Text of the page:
Slowing Down the Beauty of Nature with the Most Flexible High Speed Camera Around

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As the creative director and owner of production company Friction Media, Belgium-based, Pasquale Baseotto, is no stranger to creative experimentation. Last year we spoke to him about his debut music video project with one of Belgium’s premier composers, Michel Biscegli. We were very excited to catch up with him again for this promotion video, Phantom 4 Elements, which he created to test the range of the Phantom v711camera.

‘Slowing down the beauty of nature makes it even more impressive, more powerful,’ he told us of the video, which captures the four elements. ‘It grabs the viewer’s attention within seconds, freezing time, a true escape from the hustle and bustle of everyday life.’

The Phantom camera is capable of recording up to 2,570 fps at 1920×1080, which Pasquale believes gives him the opportunity to push his creative boundaries to a higher level.


Currently working on some client productions, and preparing for two music videos, we managed to catch up with Pascal for a chat:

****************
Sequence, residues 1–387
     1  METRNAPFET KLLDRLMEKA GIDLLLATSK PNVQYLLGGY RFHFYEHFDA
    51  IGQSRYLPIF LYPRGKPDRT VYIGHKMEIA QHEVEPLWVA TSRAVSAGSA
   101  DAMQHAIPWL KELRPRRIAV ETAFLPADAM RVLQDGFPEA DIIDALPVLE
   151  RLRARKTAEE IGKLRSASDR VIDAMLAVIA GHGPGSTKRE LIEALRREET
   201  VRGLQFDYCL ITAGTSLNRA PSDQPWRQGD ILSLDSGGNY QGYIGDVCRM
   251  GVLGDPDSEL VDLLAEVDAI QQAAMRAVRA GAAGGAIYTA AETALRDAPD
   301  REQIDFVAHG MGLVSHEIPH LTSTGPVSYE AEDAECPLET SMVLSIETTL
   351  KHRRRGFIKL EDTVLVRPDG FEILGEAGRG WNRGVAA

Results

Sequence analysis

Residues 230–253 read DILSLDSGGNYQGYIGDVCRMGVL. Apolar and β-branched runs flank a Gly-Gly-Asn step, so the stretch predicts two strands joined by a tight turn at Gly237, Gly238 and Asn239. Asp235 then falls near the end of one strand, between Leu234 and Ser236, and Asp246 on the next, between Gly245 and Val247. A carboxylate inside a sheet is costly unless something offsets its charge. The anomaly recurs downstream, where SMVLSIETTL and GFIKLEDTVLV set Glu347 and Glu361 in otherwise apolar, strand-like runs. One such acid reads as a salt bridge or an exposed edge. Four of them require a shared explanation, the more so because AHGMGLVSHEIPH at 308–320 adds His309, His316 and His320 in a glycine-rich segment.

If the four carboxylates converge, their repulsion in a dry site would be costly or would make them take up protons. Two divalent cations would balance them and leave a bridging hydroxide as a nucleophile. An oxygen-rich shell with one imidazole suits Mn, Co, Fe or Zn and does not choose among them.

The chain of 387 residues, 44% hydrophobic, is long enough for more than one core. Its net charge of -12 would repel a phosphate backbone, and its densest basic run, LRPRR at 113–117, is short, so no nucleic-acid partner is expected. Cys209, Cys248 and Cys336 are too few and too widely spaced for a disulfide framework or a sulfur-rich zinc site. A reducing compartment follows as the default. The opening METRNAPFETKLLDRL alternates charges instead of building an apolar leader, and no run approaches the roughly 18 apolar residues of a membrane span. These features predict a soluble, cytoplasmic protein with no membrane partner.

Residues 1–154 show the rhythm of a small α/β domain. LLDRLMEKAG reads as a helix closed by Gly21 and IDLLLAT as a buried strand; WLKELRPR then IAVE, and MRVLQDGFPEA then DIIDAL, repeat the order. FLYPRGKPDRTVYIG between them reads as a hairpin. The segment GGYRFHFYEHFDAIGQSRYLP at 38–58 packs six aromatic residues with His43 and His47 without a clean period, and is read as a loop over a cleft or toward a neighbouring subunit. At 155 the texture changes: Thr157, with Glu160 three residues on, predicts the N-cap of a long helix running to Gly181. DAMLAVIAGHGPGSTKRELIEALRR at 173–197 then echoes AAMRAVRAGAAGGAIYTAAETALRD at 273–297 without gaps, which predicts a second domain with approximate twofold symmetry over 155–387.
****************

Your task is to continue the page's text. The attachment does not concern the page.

The Plus: What are the most important things to consider when creating a slow motion video?
Pasquale Baseotto:
Recording slow motion images requires a certain timing and precision. You must understand that a few seconds becomes minutes on disk. So pushing that record button on the right moment is crucial.

TP: And how do you feel the camera added value to you filming?
PB:
Within our budget and timeframe, we definitely made the best of it. Thanks to the support of a group of helpful people and an inquisitive cinematographer, Ben Steensels, we got the camera fairly quickly mastered. The scenes were pretty rapidly finalized to the result we were hoping for.

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TP: What was the most difficult thing to achieve?
PB:
The underwater scenes. Unfortunately, we didn’t have an underwater housing for the expensive camera. But the cameraman came up with an ingenious homemade enclosure.

TP: What is your favourite element of the four you captured?
PB:
The last part with the fire-spitter, Jem Burke. He is a trainer in Western martial arts, and he did a great job.

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